Adderall is the new Red Bull
March 8, 2012
Filed under Health & Life
The students interviewed for this article spoke on condition of anonymity, and their names have been changed.
When Brad speaks, you hear his private school education come through, though much has happened since. In sure, articulate sentences, he draws a picture of prescription drug abuse, a topic he knows about first hand. He speaks not of Oxycodone, Xanax and Vicodin – the medications that receive as much press as the celebrities who overdose on them – but of the rampant use of Adderall, a prescription drug he has been selling to students at a number of Los Angeles colleges.
Adderall is a psychostimulant used in the treatment of ADD/ADHD. But on college campuses, it is better known as a “study drug”, and is often misused by ADD and non-ADD students alike to enhance academic performance. Adderall, and similar drugs like Ritalin and Concerta, work by releasing dopamine into the neural pathways. These drugs stimulate the brain, allow it to hyperfocus, eliminate the need for sleep, and reduce appetite.
Tara, an SMC student, was pre-med at a highly competitive university in New York. She was nonchalant about the use of Adderall on her campus.
“Weed was to chill, coke was to party, and Adderall was to study,” she said.
During exam week, Tara would prepare for all-nighters with Powerade, two liters of water, and an Adderall pill.
“It would put you in a trench, in a zone,” she said of time-release Adderall, which enabled her to study for eight hours straight.
Adderall is an amphetamine, sharing a core ingredient with the notoriously addictive methamphetamine. Just like meth and cocaine, it is legally a Schedule II drug, which classifies it as highly addictive and susceptible to abuse. Possession is a felony offense in California.
According to research conducted by Alan Desantis of the University of Kentucky, 34 percent of college students have taken stimulant drugs without a prescription. For juniors and seniors, the number is over 50 percent, and in fraternities, it is as high as 80 percent. Most students obtain or buy the drugs from friends who have received them legitimately. Others fake ADD symptoms, which are just a Google search away, and receive a steady, legal supply from doctors.
Brad was prescribed Adderall at 13, after being diagnosed with ADHD. At 14, he tried marijuana for the first time, and has since experimented with and sworn off many drugs. Yet, he is incredulous that his first exposure to an addictive drug came under the sanctions of his parents and school.
“You know you’re on,” says Brad, underlining ”on” with his voice. “No child should feel such a rush.”
When Brad was diagnosed with ADHD nearly 10 years ago, he was but one of seven percent. Today, according to the U.S. Census Bureau, the number of children diagnosed with an attention disorder has increased to nearly 10 percent, thus flooding middle and high schools and beyond with legal drugs that can be potentially diverted for non-medical purposes.
In one such situation, a socially awkward high-school freshman gave his pills away to a girl he liked in order to impress her. The boy didn’t get the girl, but the girl and her friend Jess, now an SMC student, started ”slanging” pills to other students, and experimenting themselves.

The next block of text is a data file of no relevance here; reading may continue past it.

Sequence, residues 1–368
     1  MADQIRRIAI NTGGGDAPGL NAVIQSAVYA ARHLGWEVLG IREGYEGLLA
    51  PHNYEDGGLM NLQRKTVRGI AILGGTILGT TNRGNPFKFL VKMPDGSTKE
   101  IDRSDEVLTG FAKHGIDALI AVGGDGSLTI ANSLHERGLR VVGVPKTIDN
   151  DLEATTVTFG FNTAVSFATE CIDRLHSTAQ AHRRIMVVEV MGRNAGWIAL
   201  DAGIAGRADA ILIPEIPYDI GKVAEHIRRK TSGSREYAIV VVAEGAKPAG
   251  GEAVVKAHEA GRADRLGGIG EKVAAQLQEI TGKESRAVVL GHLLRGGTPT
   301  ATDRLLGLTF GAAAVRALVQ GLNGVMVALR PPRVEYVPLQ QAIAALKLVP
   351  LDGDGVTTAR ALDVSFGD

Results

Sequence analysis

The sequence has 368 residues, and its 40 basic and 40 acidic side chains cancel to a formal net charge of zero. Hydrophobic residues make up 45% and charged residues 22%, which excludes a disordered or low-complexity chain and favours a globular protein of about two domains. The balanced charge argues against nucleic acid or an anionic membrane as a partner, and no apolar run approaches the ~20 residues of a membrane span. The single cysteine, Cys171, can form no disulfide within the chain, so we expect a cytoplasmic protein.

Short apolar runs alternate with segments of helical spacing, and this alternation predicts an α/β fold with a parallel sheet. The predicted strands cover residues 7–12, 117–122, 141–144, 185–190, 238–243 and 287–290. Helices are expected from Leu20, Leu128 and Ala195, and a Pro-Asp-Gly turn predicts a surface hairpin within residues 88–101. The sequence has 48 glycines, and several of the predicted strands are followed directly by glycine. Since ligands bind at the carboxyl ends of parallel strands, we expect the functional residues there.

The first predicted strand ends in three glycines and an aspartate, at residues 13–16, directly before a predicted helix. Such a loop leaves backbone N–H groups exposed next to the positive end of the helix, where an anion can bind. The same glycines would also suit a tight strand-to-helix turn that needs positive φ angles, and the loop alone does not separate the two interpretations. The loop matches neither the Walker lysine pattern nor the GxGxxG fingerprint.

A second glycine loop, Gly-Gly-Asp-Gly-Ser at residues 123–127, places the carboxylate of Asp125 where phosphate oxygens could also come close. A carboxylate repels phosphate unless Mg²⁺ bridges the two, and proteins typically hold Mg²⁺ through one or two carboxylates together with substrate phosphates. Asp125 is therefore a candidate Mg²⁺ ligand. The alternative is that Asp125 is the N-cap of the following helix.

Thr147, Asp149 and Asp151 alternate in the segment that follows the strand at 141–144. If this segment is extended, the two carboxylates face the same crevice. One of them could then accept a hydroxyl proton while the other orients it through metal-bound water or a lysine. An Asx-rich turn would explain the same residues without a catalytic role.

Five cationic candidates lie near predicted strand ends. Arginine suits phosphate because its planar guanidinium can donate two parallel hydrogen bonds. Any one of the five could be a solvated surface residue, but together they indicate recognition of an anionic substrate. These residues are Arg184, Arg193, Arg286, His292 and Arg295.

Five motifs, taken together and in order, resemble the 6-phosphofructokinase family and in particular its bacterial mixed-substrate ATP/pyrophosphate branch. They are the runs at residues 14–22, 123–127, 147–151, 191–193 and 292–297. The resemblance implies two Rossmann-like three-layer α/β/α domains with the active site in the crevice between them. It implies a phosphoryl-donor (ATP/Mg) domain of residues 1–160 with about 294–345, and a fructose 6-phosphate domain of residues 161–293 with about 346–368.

Jess has not used Adderall in the last six years, and is appalled by how socially acceptable it has become.
“People don’t realize that this is speed,” she said.
While Adderall is reportedly more stable and less addictive than meth, it carries the risk of cardiac arrest and stroke, and is especially dangerous and can be fatal when interacting with other substances, like alcohol.
Ross Aikins, a postdoctoral fellow at the National Research and Development Institution in New York, did his dissertation at UCLA on prescription stimulant abuse. He found that students often did not recognize the dangers involved in mixing Adderall with alcohol.
Less lethal, but perhaps more alarming, are the more common effects of dependence, both physical and psychological.
“You feel so successful and productive with the drug, that you feel less capable without it,” said Aikins. “You feel like you need it.”
He also raised the question of the ethical implications. For example, when athletes take steroids, they are disqualified for cheating; so how is it different when a student takes a drug that allows them to stay up all night and whip out a paper in three hours? Aikins said that many students were motivated to take Adderall because they felt they needed it to compete.
“If you didn’t take it, you were at a real disadvantage,” agreed Tara, who said she only took Adderall during exams, and always felt in control. “I don’t regret taking Adderall. I did what I had to do to get my grade.”
But according to Aikins, “A lot of the students regretted taking it.”
Brad recently stopped selling and doesn’t take Adderall himself. In his experience, the line between controlling the drug, and being controlled by it, is fine indeed.
He reminisced about his elementary school soccer coach. Putting on a British accent, he asked an invisible group of nine-year-olds, “What does practice make?”
“Perfect,” they answered.
“No,” Brad countered in his British soccer coach persona. “Only perfect practice makes perfect permanence.”
Back in his own voice, wondering aloud, he considered the potential ramifications of a generation that forfeits discipline for pharmaceutically augmented success.